8. Margot

    Margot Generous Contributor 10 Years

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    Notwithstanding the excellent points made by Sulev regarding the possibility that the tree was not receiving enough water, you have to wonder how the surrounding lawn could be so healthy and green while the tree died of drought. After 10 days with only 1mm precipitation per day and a temp of 25C, most lawns would be looking stressed, wouldn't they? What I'm wondering is if there may have been more rainfall in that particular area or if there is another source of water - either way, wondering if a lack of water really is the problem.

    It would be worth looking at the roots as Sundrop suggests and seeing if they may be girdled or rootbound.
     
  9. sgbotsford

    sgbotsford Active Member 10 Years

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    I've got more inquiries going there.

    Client is going to dig into the root ball. And I want to know more about the red mulch.

    You must remember that overall this is a dryland agriculture region. The native ecozone is "Aspen parkland" A complex meta-stable mix of aspen, spruce, and grassland in a dance of fire succession and a decade long drought/plenty cycle. The long term average precipitation per year is ~18" (350 mm) but there is a 50mm standard deviation on it. Typically there is a decade of 15" precip and a decade of 20" precip.

    Soil and subsoil is very heavily clay and silt based. This gives a lot of water storage capacity for the soil. Grass here typically slows it's growth to needing mowing only every two weeks by August. This year in the aisles in my tree farm I'm mowing once a week, and taking enough off at a pass that the engine of my 25 HP diesel mower is bogging down at normal cutting speeds. Farmers in their crop planning consider precip for the previous 5 years -- and measure subsoil moisture to depths of 12 feet. The soil particle size as small as silt, there is a lot of movement by capillary action.

    The picture below illustrates: This was taken at the end of August 7 years ago. The lawn, while browning is still somewhat green.



    AugustGrass.jpg
     
  10. sgbotsford

    sgbotsford Active Member 10 Years

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    Client confirms root ball is moist.

    In passing: The usual pattern I've observed for deciduous trees under drought stress is the premature senesence of individual leaves, then individual leaves losing turgor. On a tree larger than a seedling I've not yet seen it happen in this short a period of time.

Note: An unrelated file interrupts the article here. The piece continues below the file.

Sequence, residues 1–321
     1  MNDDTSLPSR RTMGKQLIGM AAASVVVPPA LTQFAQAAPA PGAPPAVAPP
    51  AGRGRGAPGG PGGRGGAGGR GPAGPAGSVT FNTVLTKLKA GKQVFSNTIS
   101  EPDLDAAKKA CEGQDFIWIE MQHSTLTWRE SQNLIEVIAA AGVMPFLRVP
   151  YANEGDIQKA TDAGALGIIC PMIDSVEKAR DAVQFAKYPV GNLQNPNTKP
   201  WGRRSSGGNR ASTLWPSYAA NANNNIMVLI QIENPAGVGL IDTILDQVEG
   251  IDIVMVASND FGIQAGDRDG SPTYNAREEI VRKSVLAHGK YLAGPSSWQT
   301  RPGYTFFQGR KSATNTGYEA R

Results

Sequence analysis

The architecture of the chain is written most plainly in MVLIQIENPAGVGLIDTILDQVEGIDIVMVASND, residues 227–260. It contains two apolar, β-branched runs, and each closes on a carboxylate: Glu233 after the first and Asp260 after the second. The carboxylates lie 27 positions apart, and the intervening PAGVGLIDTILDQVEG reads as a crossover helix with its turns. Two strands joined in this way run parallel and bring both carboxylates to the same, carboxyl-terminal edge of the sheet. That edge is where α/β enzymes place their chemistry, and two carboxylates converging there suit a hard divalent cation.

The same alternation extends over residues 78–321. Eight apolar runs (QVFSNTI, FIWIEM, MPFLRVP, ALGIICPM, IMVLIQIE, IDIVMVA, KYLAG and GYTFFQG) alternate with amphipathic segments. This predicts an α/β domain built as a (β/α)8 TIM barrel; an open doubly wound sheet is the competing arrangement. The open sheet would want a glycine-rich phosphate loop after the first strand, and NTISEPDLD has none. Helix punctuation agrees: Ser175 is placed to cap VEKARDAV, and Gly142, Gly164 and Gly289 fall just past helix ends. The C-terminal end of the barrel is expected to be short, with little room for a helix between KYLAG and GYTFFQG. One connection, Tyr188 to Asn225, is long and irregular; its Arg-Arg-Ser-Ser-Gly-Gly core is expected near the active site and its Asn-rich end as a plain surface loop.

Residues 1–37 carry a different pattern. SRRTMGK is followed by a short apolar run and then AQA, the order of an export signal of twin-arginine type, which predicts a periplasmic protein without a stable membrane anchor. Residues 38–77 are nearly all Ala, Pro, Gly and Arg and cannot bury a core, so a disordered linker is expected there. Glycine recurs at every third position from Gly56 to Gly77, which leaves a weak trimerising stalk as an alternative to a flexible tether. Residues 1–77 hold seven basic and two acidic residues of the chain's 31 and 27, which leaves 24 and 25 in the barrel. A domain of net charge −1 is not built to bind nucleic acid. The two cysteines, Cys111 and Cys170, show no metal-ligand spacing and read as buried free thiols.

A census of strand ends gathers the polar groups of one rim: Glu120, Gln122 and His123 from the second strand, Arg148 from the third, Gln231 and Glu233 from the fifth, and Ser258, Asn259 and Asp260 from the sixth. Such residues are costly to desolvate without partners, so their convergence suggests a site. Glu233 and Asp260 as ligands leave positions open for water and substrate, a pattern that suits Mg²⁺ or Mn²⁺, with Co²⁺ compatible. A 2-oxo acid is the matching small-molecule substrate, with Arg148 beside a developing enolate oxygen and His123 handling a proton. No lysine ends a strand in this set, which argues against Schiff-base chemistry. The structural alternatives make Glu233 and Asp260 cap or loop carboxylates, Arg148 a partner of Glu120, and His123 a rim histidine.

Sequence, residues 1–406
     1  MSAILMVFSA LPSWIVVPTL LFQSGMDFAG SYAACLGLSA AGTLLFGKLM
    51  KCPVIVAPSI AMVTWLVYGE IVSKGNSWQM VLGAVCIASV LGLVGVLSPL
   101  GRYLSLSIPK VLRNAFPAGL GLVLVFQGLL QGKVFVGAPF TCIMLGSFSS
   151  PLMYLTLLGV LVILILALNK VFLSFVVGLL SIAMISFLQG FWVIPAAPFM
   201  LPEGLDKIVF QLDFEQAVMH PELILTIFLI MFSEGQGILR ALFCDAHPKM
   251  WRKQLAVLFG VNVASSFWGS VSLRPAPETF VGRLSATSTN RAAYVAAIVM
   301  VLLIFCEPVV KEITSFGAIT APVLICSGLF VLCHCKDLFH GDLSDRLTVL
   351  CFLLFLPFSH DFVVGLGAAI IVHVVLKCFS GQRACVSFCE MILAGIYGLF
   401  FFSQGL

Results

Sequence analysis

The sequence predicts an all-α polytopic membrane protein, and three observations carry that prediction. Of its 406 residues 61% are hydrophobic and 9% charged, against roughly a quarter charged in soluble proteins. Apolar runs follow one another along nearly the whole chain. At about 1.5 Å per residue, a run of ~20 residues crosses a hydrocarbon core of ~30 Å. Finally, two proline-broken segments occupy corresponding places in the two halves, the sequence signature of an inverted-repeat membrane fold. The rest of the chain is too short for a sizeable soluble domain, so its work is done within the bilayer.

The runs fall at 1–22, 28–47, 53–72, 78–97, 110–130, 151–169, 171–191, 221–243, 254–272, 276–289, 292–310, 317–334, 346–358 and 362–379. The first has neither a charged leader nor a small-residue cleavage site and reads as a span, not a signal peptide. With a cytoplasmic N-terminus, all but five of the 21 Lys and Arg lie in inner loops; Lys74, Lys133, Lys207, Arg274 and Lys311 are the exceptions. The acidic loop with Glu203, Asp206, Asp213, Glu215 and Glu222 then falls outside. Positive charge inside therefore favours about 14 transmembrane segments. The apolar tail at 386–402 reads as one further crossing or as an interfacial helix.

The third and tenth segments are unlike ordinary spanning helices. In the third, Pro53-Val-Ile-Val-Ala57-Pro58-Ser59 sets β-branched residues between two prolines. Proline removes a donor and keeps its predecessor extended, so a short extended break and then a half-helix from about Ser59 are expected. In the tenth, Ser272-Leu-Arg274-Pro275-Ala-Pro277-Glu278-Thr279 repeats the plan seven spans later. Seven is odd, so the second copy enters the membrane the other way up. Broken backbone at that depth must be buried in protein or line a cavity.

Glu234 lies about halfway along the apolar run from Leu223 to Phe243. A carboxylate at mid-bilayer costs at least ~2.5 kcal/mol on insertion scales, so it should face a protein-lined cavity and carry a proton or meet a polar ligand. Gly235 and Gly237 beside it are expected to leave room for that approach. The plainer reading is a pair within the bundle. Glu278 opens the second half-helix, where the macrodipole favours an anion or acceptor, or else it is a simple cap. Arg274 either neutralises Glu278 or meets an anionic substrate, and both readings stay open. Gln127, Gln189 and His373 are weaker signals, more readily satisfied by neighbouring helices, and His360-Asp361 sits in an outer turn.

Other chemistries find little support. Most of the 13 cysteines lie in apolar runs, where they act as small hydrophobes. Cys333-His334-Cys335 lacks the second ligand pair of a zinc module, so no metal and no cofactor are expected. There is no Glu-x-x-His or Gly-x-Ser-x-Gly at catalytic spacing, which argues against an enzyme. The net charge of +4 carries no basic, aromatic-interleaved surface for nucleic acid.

11. Sulev

    Sulev Well-Known Member

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    I have seen trees of that size drooping their shoots and leaves only after 5 to 10 km of ride in the open cargo bed of a pickup truck for transplanting into their new location.
    But if the client confirms, that moisture was not an issue, then maybe the root flare was planted too deep?
    Mountain ash is quite a vigorous plant and can withstand heavy pollution in cities. Can't believe, that some fertilizer or tiny amount of herbicide could kill it so quickly.
     
  12. Ron B

    Ron B Paragon of Plants 10 Years

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    Did the customer check well inside the material around the transplant? If they only did a superficial inspection that did not establish that the entire volume of soil or medium is moist.

    Specimens grown in coarse potting medium then later planted in fine textured existing soils, without being bare-rooted before installation on final planting sites will often be subjected to the material immediately around them shedding water to the surrounding unmodified native soil during periods of less than ample moisture availability. This is due to fine textured soils having a greater attraction for water than coarse ones. This phenomenon may even operate during rainy winter periods, with retained potting soils immediately around planted specimens not remaining moist during those times also.

    Amending of planting hole backfill during planting adds an additional zone of material around the plant which will be subject to recurring dryness, when the soil around the hole is finer textured.
     
  13. sgbotsford

    sgbotsford Active Member 10 Years

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    I may have to make a site visit.

    The red mulch is actually one of those recycled rubber products. Client says they have used these on other trees.